Péter Frankl

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For the pianist, see Peter Frankl.
Péter Frankl
PeterFrankl.jpg
Peter Frankl at a mathematics conference in Tehran in May 2009
Born (1953-03-26) 26 March 1953 (age 63)
Hungary
Residence Japan
Fields combinatorics
Doctoral advisor Gyula O.H. Katona.[1]
Influenced Kentaro Nagao (Takebe Katahiro Prize)[2]
Notable awards Silver and gold medal at IMO, The Minister of Foreign Affairs Prize of the Japan Prize,silver award from US international film festival[3]

Péter Frankl (born 26 March 1953 in Kaposvár, Somogy County, Hungary) is a mathematician, street performer, columnist and educator, active in Japan.[4] Frankl studied Mathematics at Eötvös University in Budapest and submitted his PhD thesis while still an undergraduate. He holds PhD degree from University Paris Diderot as well. He has lived in Japan since 1988, where he is a well-known personnality and often appears in the media. He keeps travelling around Japan performing (juggling and giving public lectures on various topics). Frankl won a gold medal at the International Mathematical Olympiad in 1971. He has seven joint papers with Paul Erdős,[5] and eleven joint papers with Ronald Graham.[6] His research is in combinatorics, especially in extremal combinatorics. He is the author of the union-closed sets conjecture.[7]

Personality[edit]

Both of his parents were survivors of concentration camps and taught him "The only things you own are in your heart and brain". So he became a mathematician. Frankl often lectures about racial discrimination.[8]

Adolescence and abilities[edit]

He could multiply two digit numbers when he was four years old.[9] Frankl speaks 12 languages (Hungarian, English, Russian, Swedish, French, Spanish, Polish, German, Japanese, Chinese, Thai, Korean) and lectured mathematics in many countries in these languages. He has travelled to more than 100 countries.[10][11]

Activities[edit]

Frankl learnt juggling from Ronald Graham. He and Rödl solved a $1000 problem of Paul Erdös. Zsolt Baranyai helped Frankl to get a scholarship in France, where he became a CNRS research fellow.[citation needed]

For 1984 to 1990, Frankl and Akiyama worked hard organizing a Japanese mathematical Olympic team, and as a consequence the Japanese team is now a regular participant of the International Mathematical Olympiad.[12][13]

Since 1998, he is an external member of the Hungarian Academy of Sciences.[14]

He authored more than thirty books in Japanese, and with Babai they wrote the manuscript of a book on "Linear Algebra Methods in Combinatorics".[citation needed]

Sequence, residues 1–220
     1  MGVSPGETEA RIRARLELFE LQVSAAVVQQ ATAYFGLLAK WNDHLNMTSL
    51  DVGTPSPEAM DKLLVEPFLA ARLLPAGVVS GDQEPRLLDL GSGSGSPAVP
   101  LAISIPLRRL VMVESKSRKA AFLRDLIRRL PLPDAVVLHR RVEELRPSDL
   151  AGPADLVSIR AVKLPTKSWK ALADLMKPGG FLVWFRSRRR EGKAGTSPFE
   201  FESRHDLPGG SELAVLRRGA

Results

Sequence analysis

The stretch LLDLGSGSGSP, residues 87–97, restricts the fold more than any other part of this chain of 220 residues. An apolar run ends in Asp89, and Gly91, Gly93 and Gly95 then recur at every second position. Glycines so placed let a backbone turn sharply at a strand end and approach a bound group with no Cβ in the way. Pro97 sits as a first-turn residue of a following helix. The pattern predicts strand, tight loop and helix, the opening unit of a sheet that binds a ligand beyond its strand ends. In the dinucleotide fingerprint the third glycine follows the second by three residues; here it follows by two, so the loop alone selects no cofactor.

Frankl conjecture[edit]

For any finite union-closed family of finite sets, other than the family consisting only of the empty set, there exists an element that belongs to at least half of the sets in the family.

See also[edit]

References[edit]

  1. ^ "Theoretical Computer Science Genealogy". ACM SIGACT. Archived from the original on 29 April 2005. Retrieved 2007-11-27. 
  2. ^ https://www.math.nagoya-u.ac.jp/en/research/prize.html Graduate School of Mathematics, Nagoya University
  3. ^ http://www.filmfestawards.com US international film & video festival
  4. ^ http://chukou.passnavi.com/parent/special/98-special4?start=1 interview about Peter Frankl
  5. ^ "Erdos0". Erdos Number Project. Archived from the original on 2 November 2007. Retrieved 2007-11-27. 
  6. ^ "LIST OF PUBLICATIONS OF PETER FRANKL". Retrieved 2015-10-15. 
  7. ^ Frankl's union-closed sets conjecture, the Open Problem Garden.
  8. ^ http://blog.livedoor.jp/bbgmgt/archives/2935820.html 在日ユダヤ人論序説-ピーター・フランクルを通して考える「日本」-
  9. ^ 頭のよくなる本 [A book to be smart]. wave publisher. ISBN 4-900528-37-4. 
  10. ^ ピーター流外国語習得術 [Peter-style foreign language acquisition techniques]. Iwanami Junior Shinsho. 
  11. ^ http://www.peterfrankl.com/profile/index.html
  12. ^ http://www.jikkyo.co.jp/contents/download/1857219556 nakajima sachiko's interview
  13. ^ https://www.questia.com/newspaper/1P3-3342144041/student-math-prize-named-after-young-genius Student Math Prize Named after Young 'Genius'
  14. ^ MTA Members: Péter Frankl (in Hungarian), Hungarian Academy of Sciences, retrieved 2015-10-14 .

External links[edit]